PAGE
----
I don't think a chat bot was what Turing had in mind in any case. A bot that was intelligent enough to be able to LEARN and SPEAK well enough that another human couldn't tell the difference between it and another human is the point.

That's why it will be very hard to pass. In the '80s the trick was to ask anything about current affairs because the computer had no real access to information about the world. Now that we have the web, the trick will presumably be to spot someone who is too well-informed. The computer will need to learn how to pretend to know less than it does in order to fit in, which might actually be an appropriate final test to identify intelligence. Unfortunately.

Everything we see now is trying to win the letter of the turing test and ignoring the spirit. Turing's point was that if we can make it able to reason as well as we can we no longer have the right to deny it as intelligent life. Scripts that skip the reasoning and learning part and just try to con the judges are just attempts to cheat at the test.

Thanks for saying it. +1 Insightful.

about 6 months ago
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MIT Used Lobbying, Influence To Restore Nuclear Fusion Dream

Another, completely Re:Article doesn't go into details about quality (135 comments)

I think the general argument is that fusion shouldn't produce any dangerous waste at all. On that basis, I would expect the group you mention to be for it. I've heard that current test reactors produce byproducts that are dangerous, but that these are not strictly necessary for the power generation, so it might be possible to produce a reactor that emits only helium.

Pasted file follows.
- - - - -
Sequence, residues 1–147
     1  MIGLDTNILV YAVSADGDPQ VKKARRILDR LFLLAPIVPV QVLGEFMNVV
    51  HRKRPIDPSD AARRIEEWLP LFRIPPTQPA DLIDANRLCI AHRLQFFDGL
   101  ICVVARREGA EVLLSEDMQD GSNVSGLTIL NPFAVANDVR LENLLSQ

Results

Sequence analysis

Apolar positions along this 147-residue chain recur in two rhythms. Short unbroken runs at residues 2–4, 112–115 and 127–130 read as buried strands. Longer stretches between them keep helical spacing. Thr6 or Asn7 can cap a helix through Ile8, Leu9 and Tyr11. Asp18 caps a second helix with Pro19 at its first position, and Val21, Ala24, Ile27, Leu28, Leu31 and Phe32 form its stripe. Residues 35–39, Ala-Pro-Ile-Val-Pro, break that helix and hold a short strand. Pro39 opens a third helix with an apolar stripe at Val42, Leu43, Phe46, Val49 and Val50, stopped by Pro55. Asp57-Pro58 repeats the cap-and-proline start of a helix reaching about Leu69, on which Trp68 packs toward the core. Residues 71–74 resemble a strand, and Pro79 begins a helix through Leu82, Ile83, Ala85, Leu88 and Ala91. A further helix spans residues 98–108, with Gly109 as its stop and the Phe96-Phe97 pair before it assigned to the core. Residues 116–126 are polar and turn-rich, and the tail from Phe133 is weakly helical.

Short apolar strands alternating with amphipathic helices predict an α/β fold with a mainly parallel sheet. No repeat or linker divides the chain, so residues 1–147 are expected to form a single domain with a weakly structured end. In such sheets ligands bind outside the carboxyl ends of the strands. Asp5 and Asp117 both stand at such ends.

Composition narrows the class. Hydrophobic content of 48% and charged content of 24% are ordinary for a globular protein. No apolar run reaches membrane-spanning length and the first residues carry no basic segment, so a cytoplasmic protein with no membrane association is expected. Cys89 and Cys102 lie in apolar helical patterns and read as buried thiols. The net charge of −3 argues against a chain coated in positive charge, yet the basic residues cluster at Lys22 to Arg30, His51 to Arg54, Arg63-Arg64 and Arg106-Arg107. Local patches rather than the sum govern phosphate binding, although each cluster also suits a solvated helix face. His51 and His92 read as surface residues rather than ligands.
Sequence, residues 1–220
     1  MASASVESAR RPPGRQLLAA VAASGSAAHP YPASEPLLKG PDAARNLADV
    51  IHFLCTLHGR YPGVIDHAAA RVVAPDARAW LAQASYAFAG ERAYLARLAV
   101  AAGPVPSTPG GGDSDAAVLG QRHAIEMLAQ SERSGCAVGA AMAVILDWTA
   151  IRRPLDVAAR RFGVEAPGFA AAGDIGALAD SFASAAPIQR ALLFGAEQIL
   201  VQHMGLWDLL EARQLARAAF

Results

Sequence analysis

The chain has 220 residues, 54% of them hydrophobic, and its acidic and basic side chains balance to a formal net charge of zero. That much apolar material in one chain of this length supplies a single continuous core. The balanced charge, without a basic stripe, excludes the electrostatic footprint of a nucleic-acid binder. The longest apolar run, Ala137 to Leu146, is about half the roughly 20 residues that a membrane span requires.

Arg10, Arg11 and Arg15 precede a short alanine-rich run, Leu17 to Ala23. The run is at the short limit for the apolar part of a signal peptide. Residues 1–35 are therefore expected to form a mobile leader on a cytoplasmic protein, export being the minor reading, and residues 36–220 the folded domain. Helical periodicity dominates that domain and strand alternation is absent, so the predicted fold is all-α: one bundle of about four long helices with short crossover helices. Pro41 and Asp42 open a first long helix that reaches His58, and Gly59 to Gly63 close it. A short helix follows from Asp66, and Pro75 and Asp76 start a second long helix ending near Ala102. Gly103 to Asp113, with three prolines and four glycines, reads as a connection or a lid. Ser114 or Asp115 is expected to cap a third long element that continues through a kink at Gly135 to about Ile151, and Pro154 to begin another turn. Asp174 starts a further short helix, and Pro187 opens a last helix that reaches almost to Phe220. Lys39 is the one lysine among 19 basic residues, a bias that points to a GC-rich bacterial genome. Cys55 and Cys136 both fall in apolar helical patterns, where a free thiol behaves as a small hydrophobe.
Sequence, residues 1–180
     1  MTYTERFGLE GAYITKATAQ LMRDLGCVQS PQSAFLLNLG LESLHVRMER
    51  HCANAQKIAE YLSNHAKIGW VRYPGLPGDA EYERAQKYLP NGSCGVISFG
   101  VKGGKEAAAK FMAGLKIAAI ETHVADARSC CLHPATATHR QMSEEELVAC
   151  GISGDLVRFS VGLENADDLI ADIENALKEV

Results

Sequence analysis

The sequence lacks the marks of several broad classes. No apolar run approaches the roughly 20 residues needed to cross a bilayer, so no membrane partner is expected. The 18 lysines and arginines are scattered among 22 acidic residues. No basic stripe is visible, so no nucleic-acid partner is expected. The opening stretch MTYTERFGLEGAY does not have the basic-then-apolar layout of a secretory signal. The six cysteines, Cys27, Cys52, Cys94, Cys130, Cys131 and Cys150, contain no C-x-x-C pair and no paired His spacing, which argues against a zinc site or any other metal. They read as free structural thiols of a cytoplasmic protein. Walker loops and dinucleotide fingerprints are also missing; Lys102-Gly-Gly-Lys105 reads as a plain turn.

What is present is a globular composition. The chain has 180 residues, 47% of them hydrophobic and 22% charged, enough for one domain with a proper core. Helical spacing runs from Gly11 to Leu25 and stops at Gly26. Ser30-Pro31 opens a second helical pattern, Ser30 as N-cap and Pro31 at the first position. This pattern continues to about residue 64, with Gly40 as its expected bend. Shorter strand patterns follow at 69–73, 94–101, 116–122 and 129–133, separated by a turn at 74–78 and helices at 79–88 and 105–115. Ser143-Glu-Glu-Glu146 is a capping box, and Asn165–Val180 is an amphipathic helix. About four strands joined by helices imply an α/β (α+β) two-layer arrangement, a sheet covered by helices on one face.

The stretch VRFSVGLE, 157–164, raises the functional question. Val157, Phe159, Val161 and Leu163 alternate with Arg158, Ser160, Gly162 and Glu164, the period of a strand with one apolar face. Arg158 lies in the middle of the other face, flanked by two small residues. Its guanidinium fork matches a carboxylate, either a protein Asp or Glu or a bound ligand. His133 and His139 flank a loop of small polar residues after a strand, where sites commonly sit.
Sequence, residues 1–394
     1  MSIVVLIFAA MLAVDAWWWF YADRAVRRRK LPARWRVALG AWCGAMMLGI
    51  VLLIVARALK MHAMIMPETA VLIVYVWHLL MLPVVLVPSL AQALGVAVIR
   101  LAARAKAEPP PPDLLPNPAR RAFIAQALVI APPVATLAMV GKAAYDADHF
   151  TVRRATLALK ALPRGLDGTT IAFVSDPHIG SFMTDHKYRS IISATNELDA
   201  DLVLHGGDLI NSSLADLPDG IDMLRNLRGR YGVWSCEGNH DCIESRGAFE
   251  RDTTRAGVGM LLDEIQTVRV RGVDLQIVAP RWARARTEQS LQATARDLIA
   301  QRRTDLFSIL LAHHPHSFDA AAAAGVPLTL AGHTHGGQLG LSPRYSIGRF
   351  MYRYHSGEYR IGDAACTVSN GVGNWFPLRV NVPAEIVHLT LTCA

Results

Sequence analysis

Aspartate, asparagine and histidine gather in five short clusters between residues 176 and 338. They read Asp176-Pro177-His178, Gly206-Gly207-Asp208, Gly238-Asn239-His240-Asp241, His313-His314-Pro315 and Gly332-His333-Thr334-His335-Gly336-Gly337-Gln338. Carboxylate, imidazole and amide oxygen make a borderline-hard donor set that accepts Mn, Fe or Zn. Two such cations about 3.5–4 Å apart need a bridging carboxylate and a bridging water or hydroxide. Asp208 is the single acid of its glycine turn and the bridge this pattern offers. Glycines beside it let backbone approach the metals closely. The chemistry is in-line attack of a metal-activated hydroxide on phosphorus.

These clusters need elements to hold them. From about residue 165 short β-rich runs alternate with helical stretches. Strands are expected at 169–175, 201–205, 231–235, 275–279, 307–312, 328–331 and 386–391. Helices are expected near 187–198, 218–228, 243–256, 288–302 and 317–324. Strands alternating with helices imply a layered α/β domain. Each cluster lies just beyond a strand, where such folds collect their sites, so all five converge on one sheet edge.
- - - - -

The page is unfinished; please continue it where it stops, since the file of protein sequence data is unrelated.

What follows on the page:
I guess that's part of the reason it needs further research.

about 6 months ago
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Bill Watterson (briefly) Returns To Comics

Another, completely Re:If only Bill Waterson inspired other cartoonist (119 comments)

Gary Trudeau kept Doonesbury going daily until last year. Now it's only weekly, but still great, and has been consistently great since the seventies. He only dropped the frequency to give time for his new main job writing for Alpha House.

about 6 months ago
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Professors: US "In Denial" Over Poor Maths Standards

Another, completely Re:Professors poor in geography (688 comments)

Deserves a funny mod, although it would make the North American Free Trade Agreement less controversial.

about 7 months ago
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Heartbleed: Revenue Canada breached, 900 SINs leaked

Another, completely Why? (1 comments)

From the article:

Based on our analysis to date, Social Insurance Numbers (SIN) of approximately 900 taxpayers were removed from CRA systems by someone exploiting the Heartbleed vulnerability.

What can you do with 900 Canadian SINs? Maybe use them to send convincing links to a false tax payment site, but anyone who clicks on an e-mail link to a payment site could probably have been fooled without the SIN.

about 8 months ago
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Pluto Regains Its Title As Largest Object In Its Neighborhood

Another, completely Re:It's a trick (138 comments)

If I had points, I would vote you up. My pineal gland told me to. It also told me to pass the cheese dip, but I'm out of crackers.

about 9 months ago
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Estimate: Academic Labs 11 Times More Dangerous Than Industrial Counterparts

Another, completely DOW (153 comments)

On first reading, I thought that would be Department of Works or something. Since when is DOW capitalized? It's named after a person.

about 9 months ago